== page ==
Plan Sacrifices In Advance
Every project has absolute requirements, which are essentially the reasons the project exists at all or the problems it is designed to solve. But many also have supplemental requirements. If a project requires A, B and C, then by all means include D, E and F, but only with the understanding that they might have to wait.
For example, a newsletter is an important marketing tool for an e-commerce website, but less important than an easy-to-use cart and secure log-in page. Likewise, the top priority for a photo gallery should be to present photos. If the deadline is looming and the AJAX is buggy, then perhaps the blog should wait.
Marking certain features as secondary provides relief when things go wrong. These features don’t need to be cut, but their deadlines should be later than those of the core project.
Measure the rate at which you work by timing how long you take to perform various tasks. You want to figure out how much time you need to comfortably perform each task, not how fast you can get it done.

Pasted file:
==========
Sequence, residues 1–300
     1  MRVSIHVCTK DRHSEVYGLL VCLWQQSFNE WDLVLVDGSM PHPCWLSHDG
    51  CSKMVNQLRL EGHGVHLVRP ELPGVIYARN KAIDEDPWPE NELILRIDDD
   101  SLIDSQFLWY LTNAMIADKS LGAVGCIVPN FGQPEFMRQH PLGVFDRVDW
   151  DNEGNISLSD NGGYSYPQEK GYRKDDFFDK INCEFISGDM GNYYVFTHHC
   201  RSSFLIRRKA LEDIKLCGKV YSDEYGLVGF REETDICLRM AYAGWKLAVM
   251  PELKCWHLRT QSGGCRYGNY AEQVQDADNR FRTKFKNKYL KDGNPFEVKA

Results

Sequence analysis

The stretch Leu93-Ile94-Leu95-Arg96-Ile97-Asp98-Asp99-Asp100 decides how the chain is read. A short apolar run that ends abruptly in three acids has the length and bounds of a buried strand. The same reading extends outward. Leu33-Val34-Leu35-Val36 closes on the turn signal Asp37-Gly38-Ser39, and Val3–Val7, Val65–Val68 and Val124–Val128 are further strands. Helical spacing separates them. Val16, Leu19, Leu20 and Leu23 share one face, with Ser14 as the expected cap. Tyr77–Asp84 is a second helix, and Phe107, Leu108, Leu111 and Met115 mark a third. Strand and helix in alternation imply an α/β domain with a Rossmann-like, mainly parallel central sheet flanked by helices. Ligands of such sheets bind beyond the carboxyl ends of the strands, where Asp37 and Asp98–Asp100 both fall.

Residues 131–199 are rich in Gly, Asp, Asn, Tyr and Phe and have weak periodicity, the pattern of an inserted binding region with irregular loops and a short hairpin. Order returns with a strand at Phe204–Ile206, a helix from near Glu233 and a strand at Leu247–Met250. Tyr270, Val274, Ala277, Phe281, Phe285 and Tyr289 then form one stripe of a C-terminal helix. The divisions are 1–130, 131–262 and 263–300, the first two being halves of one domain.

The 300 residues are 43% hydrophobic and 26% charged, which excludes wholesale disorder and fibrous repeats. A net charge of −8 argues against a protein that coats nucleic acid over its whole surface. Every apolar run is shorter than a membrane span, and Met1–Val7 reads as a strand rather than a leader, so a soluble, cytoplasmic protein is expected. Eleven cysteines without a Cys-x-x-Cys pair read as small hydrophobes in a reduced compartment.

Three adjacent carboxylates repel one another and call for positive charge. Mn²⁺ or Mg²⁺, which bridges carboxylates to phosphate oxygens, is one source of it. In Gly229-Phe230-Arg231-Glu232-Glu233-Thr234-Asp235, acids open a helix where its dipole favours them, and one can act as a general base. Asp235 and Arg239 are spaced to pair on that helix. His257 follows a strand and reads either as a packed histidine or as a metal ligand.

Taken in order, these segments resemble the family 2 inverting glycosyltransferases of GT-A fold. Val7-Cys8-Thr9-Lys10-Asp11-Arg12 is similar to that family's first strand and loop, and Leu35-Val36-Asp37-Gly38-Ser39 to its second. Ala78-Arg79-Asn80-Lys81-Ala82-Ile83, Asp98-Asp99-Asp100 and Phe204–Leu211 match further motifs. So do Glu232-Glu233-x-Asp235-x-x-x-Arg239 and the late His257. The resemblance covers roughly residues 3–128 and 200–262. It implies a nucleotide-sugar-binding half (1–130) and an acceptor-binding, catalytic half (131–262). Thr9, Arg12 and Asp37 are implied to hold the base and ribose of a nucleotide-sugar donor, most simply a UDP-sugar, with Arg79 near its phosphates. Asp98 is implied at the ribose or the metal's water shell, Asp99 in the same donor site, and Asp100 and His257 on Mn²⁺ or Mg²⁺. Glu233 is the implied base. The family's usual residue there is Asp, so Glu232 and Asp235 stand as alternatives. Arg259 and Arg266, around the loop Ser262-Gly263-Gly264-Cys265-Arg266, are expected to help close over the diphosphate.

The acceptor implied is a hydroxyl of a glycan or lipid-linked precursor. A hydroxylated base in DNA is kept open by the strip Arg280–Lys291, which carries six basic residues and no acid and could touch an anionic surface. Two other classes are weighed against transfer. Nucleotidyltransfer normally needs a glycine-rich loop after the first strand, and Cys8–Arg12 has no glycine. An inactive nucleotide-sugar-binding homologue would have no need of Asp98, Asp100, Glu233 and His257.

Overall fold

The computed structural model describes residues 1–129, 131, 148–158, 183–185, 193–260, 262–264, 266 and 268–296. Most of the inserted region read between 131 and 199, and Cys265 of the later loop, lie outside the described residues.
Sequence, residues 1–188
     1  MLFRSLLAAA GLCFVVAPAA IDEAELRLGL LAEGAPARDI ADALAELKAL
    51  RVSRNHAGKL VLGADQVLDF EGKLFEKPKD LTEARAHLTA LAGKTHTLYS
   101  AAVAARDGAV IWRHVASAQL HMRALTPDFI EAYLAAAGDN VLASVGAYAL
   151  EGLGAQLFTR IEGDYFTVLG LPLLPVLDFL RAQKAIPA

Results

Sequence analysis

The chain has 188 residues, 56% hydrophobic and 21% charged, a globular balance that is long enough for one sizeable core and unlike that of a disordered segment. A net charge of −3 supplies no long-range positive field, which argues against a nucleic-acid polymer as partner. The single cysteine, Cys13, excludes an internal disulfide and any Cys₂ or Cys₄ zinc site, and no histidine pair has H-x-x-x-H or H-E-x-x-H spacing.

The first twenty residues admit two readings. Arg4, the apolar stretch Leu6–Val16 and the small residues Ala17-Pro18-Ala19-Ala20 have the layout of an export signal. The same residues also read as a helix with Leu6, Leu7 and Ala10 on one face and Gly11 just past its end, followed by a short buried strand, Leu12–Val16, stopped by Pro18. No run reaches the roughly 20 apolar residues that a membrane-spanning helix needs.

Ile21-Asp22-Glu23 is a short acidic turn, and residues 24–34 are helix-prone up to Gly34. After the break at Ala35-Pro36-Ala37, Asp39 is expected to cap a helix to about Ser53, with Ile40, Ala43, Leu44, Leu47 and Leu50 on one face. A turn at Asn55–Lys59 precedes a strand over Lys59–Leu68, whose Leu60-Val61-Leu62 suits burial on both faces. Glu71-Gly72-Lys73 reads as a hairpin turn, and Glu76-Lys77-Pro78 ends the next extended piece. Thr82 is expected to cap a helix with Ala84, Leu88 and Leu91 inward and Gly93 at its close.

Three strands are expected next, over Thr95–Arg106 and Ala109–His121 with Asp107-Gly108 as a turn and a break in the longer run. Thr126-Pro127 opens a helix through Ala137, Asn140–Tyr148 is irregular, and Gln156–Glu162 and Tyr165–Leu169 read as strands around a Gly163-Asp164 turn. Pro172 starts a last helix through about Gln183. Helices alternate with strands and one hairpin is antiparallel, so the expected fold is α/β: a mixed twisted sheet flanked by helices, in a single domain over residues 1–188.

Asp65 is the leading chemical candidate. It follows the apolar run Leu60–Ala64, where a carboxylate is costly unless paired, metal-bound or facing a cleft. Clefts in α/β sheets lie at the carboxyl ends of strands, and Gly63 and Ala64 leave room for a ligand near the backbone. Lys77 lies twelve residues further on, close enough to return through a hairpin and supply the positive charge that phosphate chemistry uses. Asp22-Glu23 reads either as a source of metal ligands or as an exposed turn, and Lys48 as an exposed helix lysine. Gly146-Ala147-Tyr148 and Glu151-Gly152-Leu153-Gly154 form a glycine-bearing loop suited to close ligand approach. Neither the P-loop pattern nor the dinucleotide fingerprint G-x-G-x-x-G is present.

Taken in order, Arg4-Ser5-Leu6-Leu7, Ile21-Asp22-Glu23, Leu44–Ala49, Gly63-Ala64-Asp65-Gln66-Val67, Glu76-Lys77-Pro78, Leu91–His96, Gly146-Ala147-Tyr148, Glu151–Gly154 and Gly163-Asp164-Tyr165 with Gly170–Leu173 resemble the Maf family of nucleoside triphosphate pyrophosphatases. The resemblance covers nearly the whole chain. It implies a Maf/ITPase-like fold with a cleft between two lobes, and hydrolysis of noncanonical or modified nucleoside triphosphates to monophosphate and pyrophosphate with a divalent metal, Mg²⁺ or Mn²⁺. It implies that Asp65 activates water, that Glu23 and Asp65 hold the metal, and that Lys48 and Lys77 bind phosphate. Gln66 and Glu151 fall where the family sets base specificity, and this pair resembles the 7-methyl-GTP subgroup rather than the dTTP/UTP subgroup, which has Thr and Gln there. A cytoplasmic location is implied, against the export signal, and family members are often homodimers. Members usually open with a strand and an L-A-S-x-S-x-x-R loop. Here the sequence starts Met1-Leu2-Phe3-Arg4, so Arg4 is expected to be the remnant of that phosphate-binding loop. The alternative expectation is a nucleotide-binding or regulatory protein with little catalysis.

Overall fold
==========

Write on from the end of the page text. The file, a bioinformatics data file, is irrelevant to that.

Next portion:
For example, the schedule might allow for 30 minutes to create a favicon. But in reality, it consumes 8 hours.
Wait a minute. Eight hours for a measly 16×16-pixel graphic? Isn’t that… excessive?
That’s not the point. You’re not learning the rate at which you work so that you can gasp in embarrassment at the result. Workflow efficiency can be improved later. The question is, how much time are you comfortable with right now? In this case, it’s 8 hours.
Deadlines aren’t the problem. Problems arise when the work outweighs the allotted time. Learning how long you take to accomplish certain tasks is the best way to set a realistic schedule.
Not every deadline drama can be prevented, but even the worst can be dealt with professionally. Prepare for surprises, break up large tasks into manageable segments and prioritize. It’s a matter of respect: deadlines mean business. Do you?
How do you prevent deadline emergencies? What’s the worst problem you’ve faced under time pressure? What’s your greatest solution? Share your story in the comments below.